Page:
Though not exactly a follow-up on the earlier post, these thoughts came to me when writing it.
In Tales of Protection, Erik Fosnes Hansen bases his fiction on how a collection of seemingly random events are connected by a pattern. As an example:
The probability of heads or tails occurring when a coin is tossed is 0.5. If we get heads 9 times in a row, one would think that there is a greater chance of getting tails the next toss. Yet, the probability is still only 0.5 of getting heads (or tails). Over a large number of tosses, the heads and tails will even out according to its probability. This is fundamental in figuring probability and is call the Law of Large Numbers.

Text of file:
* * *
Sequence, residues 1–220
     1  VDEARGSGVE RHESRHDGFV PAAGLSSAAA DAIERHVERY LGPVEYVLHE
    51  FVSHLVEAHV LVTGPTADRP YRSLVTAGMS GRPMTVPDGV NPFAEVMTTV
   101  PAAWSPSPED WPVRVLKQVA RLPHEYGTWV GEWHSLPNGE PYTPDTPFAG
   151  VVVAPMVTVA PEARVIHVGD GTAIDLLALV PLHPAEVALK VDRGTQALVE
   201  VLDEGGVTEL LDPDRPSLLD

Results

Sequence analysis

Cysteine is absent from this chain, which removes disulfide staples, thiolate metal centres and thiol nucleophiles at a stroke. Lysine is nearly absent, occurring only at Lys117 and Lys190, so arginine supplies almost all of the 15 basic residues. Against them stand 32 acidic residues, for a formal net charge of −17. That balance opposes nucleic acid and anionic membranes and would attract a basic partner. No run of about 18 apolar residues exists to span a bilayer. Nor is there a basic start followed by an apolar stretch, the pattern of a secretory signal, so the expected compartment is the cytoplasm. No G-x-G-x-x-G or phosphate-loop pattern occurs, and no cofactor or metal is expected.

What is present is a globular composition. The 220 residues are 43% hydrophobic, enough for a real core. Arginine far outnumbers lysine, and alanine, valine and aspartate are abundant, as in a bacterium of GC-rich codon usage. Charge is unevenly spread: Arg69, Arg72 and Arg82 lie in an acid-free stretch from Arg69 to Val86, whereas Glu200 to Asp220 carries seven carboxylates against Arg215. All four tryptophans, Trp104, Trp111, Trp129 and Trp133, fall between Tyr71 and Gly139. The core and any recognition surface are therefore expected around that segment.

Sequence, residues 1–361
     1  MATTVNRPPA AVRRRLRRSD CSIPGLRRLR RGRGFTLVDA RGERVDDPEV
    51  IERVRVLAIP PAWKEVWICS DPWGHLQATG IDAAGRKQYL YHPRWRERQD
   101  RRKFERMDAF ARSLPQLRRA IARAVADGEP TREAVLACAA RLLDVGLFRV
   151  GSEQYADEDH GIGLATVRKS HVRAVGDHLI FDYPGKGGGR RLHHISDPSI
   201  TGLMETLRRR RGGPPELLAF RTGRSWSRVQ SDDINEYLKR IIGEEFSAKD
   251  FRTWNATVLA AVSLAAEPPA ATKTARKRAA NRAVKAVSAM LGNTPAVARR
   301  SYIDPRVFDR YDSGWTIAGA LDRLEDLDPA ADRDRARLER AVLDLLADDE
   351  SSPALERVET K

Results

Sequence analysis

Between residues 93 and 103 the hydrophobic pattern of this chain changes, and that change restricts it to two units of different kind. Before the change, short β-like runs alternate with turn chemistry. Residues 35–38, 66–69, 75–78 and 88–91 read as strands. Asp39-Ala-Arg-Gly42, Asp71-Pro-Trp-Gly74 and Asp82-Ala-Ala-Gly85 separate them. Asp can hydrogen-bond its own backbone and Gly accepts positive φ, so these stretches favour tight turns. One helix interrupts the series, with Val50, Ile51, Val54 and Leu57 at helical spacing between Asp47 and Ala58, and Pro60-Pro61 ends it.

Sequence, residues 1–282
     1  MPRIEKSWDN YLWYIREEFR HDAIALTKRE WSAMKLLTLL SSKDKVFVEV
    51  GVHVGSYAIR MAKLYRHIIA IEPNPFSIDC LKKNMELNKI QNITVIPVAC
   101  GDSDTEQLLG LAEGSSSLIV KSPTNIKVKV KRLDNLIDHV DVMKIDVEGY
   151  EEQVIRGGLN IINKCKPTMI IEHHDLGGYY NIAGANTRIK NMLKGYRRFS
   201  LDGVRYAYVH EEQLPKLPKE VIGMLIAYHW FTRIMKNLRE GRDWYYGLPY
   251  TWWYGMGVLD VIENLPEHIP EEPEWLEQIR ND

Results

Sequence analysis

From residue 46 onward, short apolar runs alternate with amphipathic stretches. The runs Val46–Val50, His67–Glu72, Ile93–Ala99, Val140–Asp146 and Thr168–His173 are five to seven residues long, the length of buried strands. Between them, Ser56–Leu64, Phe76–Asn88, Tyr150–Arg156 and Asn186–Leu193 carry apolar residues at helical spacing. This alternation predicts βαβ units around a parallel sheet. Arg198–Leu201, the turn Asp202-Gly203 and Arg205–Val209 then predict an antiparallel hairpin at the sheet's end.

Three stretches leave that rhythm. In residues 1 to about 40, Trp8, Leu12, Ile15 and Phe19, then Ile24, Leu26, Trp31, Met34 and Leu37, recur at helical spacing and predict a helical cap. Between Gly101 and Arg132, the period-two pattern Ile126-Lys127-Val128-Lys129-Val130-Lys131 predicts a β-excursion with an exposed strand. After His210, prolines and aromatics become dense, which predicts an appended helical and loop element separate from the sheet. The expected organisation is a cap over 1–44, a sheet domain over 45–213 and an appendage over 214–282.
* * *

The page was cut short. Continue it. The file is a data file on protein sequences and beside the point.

The paradox is that one toss of a coin is unrelated to the next, yet over a large number of tosses the number of heads attain an equilibrium value ( = 0.5 x number of tosses). How is this possible? If the two of us were tossing coins in different parts of the world, would heads turning up for me be affected by what you get?
Is this a self-referencing paradox related to the Gödel's Incompletenesss Theorem? On second thoughts, we probably should leave this much abused theorem be.